It's been said (maybe, a little too often) that the best things come to those who wait, but the cliché holds true with Amanda Shires' album "Take It Like A Man," as its second to last song, "Lonely At Night," is also its best selection. It's a piano ballad, in the Bacharach/David tradition, where Shires and her backing vocalists simply shine. It also includes classy horns and electric piano, for an unbeatable sonic mixture. Yes, "Take It Like A Man" is one fine album, driven by Shires' beautifully quivery vocal style, but you may be warranted for skipping to the end first. You should also be aware that it gets quite dark in many places.
A close second to "Take It Like A Man" is "Everything Has Its Time," which closes out the album (another 'last shall be first,' instance, one might note). This other one is a sweet, orchestrated ballad that Shires sings beautifully. I know what you're thinking: 'But this ain't a country music description!' And you're right. But it's dang good, which beats even bad country every time. Shires begins the album with a completely different tone and attitude. "Hawk For The Dove" finds the violinist/fiddler bowing with an angry, aggressive approach. With "Stupid Love," Shires digs down deep for some Southern soul, complete with organ and horns in the instrumentation.
The album's title track fully brings out Shires' winning Dolly Parton-like vocal vibrato. Of course, the track is far more dramatic than much of Parton's material, which veers decidedly toward the sunny side. The title song "Take It Like A Man," feels a little like something one might hear in a vintage, dramatic movie. It requires Shires to sing strongly and sing it powerfully she does. Although there isn't a lot on this album that feels like true country music, the piano-accompanied "Empty Cups" has a plenty of country feel going for it. Another one, "Don't Be Alarmed," features Jason Isbell's acoustic guitar picking. These two are, at least, country associated.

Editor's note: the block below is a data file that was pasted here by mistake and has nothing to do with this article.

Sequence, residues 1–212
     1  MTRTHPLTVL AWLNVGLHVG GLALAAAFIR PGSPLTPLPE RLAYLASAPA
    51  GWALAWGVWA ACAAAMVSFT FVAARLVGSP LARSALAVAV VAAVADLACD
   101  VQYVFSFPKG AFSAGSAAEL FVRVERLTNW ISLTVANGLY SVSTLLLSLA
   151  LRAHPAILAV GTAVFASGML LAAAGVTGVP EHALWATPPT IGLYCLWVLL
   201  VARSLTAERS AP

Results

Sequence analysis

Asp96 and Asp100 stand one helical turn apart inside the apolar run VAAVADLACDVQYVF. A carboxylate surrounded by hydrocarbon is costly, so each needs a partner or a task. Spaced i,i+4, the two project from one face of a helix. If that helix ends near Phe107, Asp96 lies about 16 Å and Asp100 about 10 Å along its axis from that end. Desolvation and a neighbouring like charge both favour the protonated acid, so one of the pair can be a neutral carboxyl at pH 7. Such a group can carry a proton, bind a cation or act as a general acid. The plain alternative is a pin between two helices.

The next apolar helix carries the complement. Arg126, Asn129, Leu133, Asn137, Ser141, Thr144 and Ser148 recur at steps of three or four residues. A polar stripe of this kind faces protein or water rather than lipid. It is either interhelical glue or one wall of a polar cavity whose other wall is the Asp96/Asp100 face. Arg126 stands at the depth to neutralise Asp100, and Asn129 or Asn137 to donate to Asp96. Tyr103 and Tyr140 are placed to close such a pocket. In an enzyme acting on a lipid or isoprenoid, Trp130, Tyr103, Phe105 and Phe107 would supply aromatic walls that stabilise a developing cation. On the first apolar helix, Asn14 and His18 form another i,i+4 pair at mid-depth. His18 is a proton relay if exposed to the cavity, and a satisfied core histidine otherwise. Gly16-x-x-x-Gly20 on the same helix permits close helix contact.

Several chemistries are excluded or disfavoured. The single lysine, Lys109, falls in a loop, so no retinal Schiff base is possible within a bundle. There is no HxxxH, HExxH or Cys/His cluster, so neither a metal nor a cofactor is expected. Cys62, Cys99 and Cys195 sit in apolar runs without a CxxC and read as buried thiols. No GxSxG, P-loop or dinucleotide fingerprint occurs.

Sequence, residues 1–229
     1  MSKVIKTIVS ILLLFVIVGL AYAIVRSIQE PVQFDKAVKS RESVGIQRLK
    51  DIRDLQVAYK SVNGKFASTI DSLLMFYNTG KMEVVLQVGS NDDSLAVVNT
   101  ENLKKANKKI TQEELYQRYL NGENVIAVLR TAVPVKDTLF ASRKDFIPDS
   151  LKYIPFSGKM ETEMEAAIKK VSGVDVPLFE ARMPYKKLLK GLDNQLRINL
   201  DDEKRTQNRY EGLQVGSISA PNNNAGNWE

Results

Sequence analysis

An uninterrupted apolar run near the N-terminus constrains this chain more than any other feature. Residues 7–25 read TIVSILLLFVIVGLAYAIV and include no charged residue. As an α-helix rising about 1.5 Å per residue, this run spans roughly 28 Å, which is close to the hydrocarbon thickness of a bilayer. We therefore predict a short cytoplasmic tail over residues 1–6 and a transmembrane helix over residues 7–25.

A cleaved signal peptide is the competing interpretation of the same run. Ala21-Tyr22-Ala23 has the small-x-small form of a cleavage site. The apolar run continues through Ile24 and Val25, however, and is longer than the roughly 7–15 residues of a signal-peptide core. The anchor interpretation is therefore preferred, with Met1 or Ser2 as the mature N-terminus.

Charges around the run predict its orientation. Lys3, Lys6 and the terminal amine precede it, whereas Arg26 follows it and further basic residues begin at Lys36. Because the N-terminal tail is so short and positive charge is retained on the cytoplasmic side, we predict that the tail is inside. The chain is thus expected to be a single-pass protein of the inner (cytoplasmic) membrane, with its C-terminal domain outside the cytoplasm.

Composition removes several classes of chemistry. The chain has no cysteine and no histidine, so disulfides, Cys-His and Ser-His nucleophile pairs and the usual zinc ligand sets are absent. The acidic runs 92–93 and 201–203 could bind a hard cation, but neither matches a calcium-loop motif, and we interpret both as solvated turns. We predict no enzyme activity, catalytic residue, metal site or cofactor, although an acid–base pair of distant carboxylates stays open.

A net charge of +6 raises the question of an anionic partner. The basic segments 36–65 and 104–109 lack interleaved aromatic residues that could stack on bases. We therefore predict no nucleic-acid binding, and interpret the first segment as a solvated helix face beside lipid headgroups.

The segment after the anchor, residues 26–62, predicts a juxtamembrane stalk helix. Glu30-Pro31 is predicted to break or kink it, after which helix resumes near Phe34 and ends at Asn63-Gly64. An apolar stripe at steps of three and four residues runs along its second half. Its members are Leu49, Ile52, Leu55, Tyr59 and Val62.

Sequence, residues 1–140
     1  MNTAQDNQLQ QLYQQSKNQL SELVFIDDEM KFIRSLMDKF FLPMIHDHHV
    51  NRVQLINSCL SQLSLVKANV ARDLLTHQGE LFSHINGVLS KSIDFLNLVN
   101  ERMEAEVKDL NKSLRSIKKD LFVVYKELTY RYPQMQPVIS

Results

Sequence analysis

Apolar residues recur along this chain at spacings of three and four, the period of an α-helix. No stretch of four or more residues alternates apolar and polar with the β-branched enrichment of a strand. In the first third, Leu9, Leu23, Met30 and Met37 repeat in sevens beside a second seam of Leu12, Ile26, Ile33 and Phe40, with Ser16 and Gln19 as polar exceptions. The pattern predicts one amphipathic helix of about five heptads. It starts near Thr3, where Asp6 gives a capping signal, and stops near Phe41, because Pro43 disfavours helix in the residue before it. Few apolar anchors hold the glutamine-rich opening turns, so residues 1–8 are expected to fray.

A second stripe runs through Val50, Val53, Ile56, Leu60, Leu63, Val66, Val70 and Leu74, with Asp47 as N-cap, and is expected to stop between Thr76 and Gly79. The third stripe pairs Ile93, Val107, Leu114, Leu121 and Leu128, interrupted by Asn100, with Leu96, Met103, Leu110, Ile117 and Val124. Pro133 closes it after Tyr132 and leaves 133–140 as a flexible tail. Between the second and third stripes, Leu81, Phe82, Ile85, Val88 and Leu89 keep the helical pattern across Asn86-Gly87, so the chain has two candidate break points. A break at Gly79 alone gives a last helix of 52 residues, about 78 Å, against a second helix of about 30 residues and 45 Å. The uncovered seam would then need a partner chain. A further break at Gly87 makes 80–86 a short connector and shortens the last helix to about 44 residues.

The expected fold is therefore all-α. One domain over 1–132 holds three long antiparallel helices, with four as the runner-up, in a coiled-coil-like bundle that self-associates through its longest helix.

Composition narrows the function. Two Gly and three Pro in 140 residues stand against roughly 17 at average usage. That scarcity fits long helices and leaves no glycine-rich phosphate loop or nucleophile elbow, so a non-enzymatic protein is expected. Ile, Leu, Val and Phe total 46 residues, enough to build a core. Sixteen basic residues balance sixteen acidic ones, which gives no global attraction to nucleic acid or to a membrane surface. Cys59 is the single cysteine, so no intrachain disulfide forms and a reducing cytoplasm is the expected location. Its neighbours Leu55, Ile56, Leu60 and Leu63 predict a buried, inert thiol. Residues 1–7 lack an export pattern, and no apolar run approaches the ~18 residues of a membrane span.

Most of "Take It Like A Man" is as serious as Shires appears to be pictured on its cover. From everything we've seen and heard, Shires is in a happy marriage with fellow musician, Jason Isbell, so the album's overall darkness and dread is a little surprising. One trembles at how much darker Shires might get with a full breakup album. Then again, there also aren't a whole lot of yucks on Isbell albums either. Perhaps they truly are two peas in a pod. This is, to build upon the record's title, the sound of Amanda Shires fully manning up.